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Monday, April 30, 2012

YAmazing Race with MGnificent Prizes: Season Two

Welcome to the Tokyo Heist stop (the Land Sharks leg) on the YAmazing Race!

You're on the YAmazing Race with MGnificent prizes, a blog hop featuring over 50 debut authors of young adult and middle grade fiction. There are prize packs galore, featuring ARCs (Advanced Reader Copies), gift certificates, swag, and more! This contest is run by the Apocalypsies, a group of young adult, middle grade and picture book authors with debut books coming out in 2012. If you haven’t yet been to the Apocalypsies website and you want to run the race, please click here to start from the beginning and read the complete contest rules.

The race runs from 12:00 noon EST May 2 -- noon EST May 8. Please don't start until we give the official word on May 2.

This is season two of the race. If you ran in January, don't worry; we have fresh quiz questions to test your memory, and fresh debut authors participating.

Now on to the race! Here's a snapshot of Tokyo Heist. You'll need this information for the quiz ahead.

Sixteen-year-old Violet loves reading manga and wearing scarves made from kimono fabric, so she’s thrilled that her father’s new painting commission means getting out of her hometown of Seattle and taking a summer trip to Japan. But what starts as an exotic vacation quickly turns into a dangerous treasure hunt.

Her father’s newest clients, the Yamada family, are the victims of a high-profile art robbery: van Gogh sketches have been stolen from their home, and, until they can produce the corresponding painting, everyone's lives are in danger -- including Violet's and her father's.

Violet’s search for the missing van Gogh takes her from the Seattle Art Museum, to the yakuza-infested streets of Tokyo, to a secluded inn in Kyoto. As the mystery thickens, Violet’s not sure whom she can trust. But she knows one thing: she has to solve the mystery -- before it’s too late.

Got all that? Great! Store it away for the quiz!

Oh wait -- quiz! Hey, this is the LAST stop of the Land Sharks leg , so if you're ready to take the quiz, you can click here now!

If you'd like to linger here and catch your breath, you can enter my bonus contest. I'm giving away one signed hardcover copy of Tokyo Heist, which I'll mail out on release day, June 14. This contest is open internationally.

Click on this Rafflecopter thingie below (where it says "read more" if you don't see a white box) to enter. Good luck!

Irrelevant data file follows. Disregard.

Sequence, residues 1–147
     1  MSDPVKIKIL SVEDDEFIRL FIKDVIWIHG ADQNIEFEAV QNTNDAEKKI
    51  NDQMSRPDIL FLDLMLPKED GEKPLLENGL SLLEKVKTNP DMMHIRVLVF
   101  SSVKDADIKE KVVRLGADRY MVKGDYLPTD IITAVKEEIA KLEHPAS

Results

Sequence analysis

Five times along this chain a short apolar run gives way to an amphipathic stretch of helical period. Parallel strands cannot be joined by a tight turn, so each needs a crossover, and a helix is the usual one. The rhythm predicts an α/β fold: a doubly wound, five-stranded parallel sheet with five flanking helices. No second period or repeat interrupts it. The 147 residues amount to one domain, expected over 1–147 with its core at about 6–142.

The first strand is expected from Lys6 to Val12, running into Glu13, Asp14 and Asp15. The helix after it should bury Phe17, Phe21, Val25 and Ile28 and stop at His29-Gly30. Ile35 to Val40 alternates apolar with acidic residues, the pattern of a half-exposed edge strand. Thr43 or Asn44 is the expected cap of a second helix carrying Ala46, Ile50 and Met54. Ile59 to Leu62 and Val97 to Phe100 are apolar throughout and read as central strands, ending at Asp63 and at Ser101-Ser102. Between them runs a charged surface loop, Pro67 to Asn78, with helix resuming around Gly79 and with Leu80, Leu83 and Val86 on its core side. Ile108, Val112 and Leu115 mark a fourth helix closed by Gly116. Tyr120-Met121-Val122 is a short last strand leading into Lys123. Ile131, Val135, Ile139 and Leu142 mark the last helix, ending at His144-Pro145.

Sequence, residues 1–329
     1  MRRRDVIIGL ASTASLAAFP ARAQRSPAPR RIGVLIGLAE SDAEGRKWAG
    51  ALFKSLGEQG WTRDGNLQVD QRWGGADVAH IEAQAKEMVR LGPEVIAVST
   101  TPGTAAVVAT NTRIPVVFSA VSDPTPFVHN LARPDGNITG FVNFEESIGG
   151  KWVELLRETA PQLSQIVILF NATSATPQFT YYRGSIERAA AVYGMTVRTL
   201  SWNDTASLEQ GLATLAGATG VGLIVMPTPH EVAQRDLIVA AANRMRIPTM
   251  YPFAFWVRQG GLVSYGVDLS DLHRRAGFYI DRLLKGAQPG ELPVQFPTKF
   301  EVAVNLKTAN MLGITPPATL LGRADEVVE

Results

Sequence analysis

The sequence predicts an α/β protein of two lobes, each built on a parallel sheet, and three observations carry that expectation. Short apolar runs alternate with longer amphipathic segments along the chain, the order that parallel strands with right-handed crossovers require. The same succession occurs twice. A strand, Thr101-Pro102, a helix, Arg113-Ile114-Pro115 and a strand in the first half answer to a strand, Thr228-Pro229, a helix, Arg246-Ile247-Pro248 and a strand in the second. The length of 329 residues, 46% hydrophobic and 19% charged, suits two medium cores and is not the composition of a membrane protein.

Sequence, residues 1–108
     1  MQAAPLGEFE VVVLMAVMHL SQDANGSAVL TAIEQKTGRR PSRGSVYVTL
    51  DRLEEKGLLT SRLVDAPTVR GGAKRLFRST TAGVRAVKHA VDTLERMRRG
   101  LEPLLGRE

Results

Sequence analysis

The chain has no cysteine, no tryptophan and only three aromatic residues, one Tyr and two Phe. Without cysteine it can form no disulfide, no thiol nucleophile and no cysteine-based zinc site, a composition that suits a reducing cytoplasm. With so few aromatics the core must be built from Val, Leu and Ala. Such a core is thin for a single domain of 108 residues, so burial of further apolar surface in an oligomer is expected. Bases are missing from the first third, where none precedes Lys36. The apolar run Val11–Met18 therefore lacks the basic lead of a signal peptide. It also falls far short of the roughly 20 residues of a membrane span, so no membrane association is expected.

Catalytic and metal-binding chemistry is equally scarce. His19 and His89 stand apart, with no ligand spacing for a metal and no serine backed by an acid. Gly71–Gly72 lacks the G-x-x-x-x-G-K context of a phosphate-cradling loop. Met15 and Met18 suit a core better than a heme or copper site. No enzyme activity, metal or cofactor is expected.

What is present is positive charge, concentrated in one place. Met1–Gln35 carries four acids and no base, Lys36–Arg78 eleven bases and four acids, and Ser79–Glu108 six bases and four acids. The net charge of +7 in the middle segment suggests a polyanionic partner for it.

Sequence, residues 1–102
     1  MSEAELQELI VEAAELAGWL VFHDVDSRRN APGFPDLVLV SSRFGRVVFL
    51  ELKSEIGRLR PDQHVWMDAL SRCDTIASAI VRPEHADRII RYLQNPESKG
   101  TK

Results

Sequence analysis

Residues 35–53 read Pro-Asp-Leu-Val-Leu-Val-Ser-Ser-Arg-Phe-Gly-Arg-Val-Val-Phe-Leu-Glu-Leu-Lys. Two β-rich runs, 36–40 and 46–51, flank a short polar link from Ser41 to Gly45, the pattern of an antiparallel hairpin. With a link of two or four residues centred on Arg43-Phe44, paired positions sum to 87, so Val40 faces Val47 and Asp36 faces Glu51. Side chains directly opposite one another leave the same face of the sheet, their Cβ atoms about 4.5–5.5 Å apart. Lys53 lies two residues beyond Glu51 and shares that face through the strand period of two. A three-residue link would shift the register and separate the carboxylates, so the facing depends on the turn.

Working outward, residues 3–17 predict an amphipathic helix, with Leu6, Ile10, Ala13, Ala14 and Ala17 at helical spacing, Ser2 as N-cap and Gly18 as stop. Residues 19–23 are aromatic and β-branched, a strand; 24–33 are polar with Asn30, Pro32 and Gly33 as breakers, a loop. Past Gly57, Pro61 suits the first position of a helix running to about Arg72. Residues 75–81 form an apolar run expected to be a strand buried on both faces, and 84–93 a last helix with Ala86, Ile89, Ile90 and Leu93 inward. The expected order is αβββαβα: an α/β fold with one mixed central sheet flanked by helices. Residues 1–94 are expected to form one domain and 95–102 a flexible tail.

Read more »

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Thursday, April 19, 2012

Pulitzer Puzzlement

I'm feeling a little down about the whole Pulitzer Prize thing. If you haven't followed this story in the news, what happened is this: on Monday the Pulitzer Prize Board announced that there were three finalists for the fiction prize . . . and no winner.

This confounds me. While I've mostly been immersed in reading Young Adult and Middle Grade fiction in the past couple of years, I still keep tabs on what is coming out in adult contemporary fiction, and I try to read what I can. There are so many exciting voices out there, so many important American novels. It's just incredible to me that out of 314 books surveyed and three finalists -- David Foster Wallace, Karen Russell, and Denis Johnson -- no winner was awarded.

I always look forward to the annual Pulitzer Prize announcement. A few years ago, shortly after my son was born, I made it a personal goal to read every Pulitzer Prize-winning novel written in the past twenty years. It was ambitious, especially given the length of some of the novels. I chewed through eight of them before my son gave up his lengthy naps and I lost my luxurious reading time. But I will never forget that magical time when my son napped and nursed and I let myself be transported through books and ideas. Reading Pulitzer Prize winners one after another at that time in my life was the perfect antidote to the often mind-numbing work of caring for an infant.

Outside of that time period, I've always enjoyed the Pulitzer Prize-winning novels and am grateful that the award brought these books and authors to my attention. These tend to be books that I buy to keep; they occupy prime real estate on my shelves. 

One of my favorite novelists, Ann Patchett, said it best in her Opinion piece for the New York Times the other day:

"Reading fiction is important. It is a vital means of imagining a life other than our own, which in turn makes us more empathetic beings. Following complex story lines stretches our brains beyond the 140 characters of sound-bite thinking, and staying within the world of a novel gives us the ability to be quiet and alone, two skills that are disappearing faster than the polar icecaps. . . . The Pulitzer Prize is our best chance as writers and readers and booksellers to celebrate fiction. This was the year we all lost."